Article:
Some directors use their cameos not just to boss their actors around on screen, but also to abuse them, scare them, let them know who’s the better man. Which is presumably what they’re doing behind the scenes. The most famous example of this impulse is director Roman Polanski’s brief but influential arrival in his “Chinatown.” He opens a switchblade and chides Jack Nicholson’s detective, “You’re a very nosy fellow. You know what happens to nosy fellows? … They lose their noses.” He jabs the switchblade into Nicholson’s nostril and cuts through his nose in one swift flick. There’s blood everywhere. And, because Nicholson has to wear a bandage through the rest of the movie, Polanski’s influence is blatantly pictured, a bloody, scabby reminder of Polanski’s control. Or in “Treasure of the Sierra Madre,” director John Huston is the altruistic rich man continually giving the bum Bogie money until finally chiding him, “You have to make your way through life without my assistance.” At which point Huston probably ordered, “Cut!” and then helped Bogart find his motivation or something.
Alfred Hitchcock, lest we forget, once remarked that “actors should be treated like cattle.” But he puts himself on screen as cattle. Sitting next to a star like Grant, Hitchcock is the extra. Since he doesn’t speak, he’s less a character than a logo. Viewers look for Hitchcock’s round mug to appear just as museum-goers look to the bottom of a painting for the artist’s signature. Hitchcock’s whole body acts as his signature, and this fact is wittily alluded to in his cameo in “Strangers on a Train”: Boarding the train just as Farley Granger gets off, Hitch carries a stand-up bass case his exact size and shape — his visual twin.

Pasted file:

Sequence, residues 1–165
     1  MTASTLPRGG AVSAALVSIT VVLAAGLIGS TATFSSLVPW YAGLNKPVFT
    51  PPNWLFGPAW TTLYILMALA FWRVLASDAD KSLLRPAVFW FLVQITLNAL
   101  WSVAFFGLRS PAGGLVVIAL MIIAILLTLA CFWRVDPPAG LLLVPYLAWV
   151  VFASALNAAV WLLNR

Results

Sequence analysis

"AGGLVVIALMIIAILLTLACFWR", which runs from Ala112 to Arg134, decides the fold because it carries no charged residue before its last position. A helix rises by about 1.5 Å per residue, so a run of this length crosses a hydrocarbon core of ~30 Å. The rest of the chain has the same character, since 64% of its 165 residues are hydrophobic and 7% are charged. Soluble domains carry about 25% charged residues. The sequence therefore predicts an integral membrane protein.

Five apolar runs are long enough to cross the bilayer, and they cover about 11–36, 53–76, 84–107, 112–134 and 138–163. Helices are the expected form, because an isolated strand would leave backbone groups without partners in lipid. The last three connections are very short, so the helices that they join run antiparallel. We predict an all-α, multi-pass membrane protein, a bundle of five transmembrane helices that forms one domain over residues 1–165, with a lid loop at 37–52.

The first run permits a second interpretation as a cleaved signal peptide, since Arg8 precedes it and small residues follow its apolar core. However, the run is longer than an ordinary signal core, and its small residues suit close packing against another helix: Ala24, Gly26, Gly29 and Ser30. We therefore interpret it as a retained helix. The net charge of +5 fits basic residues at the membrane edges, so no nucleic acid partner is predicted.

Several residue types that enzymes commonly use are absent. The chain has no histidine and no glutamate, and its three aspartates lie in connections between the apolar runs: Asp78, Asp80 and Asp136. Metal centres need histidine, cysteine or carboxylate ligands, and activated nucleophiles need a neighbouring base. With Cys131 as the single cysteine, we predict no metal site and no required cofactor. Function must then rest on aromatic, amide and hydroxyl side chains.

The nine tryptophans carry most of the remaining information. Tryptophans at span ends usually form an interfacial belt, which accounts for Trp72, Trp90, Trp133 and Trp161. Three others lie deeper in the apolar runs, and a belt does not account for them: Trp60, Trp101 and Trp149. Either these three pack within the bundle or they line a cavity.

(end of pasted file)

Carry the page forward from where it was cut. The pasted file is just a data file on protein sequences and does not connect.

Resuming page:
By the end of their lives, actor-directors such as Spike Lee and Woody Allen, who keep starring in their own films, will have amassed the equivalent of Rembrandt’s self-portraits. Just as the Dutch master continually tilted his mirror so the world could watch him be savaged by time, those filmmakers will age and grow (more petty, in Allen’s case) before us. Hitchcock’s impulse to jump in and out of his films willy-nilly was less deep but more fun. Hitchcock wasn’t Rembrandt so much as Jan Van Eyck. Painting himself as a speck in the mirror of his famous “Wedding Portrait,” van Eyck, as witness of the wedding he depicted, inscribed the canvas in Latin, “Johannes de Eyck fuit hic” (Jan van Eyck was here). So the next time you’re watching “Vertigo” and a man in a suit walks past the shipyard carrying what’s either a lunch box or a bugle case, whisper to yourself, “Alfred Hitchcock was here.”
Sarah Vowell is the author of "Radio On: A Listener's Diary" (St. Martin's Press, 1996) and "Take the Cannoli" (Simon & Schuster, 2000) and is a regular commentator on PRI's "This American Life." Her column appears every other Wednesday in Salon. For more columns by Vowell, visit her column archive. More Sarah Vowell.